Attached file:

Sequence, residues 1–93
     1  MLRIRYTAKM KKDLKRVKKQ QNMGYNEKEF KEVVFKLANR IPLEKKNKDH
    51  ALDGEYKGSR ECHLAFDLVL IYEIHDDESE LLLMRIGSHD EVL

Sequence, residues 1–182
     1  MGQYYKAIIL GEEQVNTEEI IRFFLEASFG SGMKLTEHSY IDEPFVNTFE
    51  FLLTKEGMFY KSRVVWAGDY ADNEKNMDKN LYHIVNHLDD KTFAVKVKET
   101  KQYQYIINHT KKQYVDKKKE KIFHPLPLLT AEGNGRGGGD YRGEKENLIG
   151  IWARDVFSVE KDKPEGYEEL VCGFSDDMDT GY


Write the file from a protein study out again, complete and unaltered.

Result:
Sequence, residues 1–93
     1  MLRIRYTAKM KKDLKRVKKQ QNMGYNEKEF KEVVFKLANR IPLEKKNKDH
    51  ALDGEYKGSR ECHLAFDLVL IYEIHDDESE LLLMRIGSHD EVL

Sequence, residues 1–182
     1  MGQYYKAIIL GEEQVNTEEI IRFFLEASFG SGMKLTEHSY IDEPFVNTFE
    51  FLLTKEGMFY KSRVVWAGDY ADNEKNMDKN LYHIVNHLDD KTFAVKVKET
   101  KQYQYIINHT KKQYVDKKKE KIFHPLPLLT AEGNGRGGGD YRGEKENLIG
   151  IWARDVFSVE KDKPEGYEEL VCGFSDDMDT GY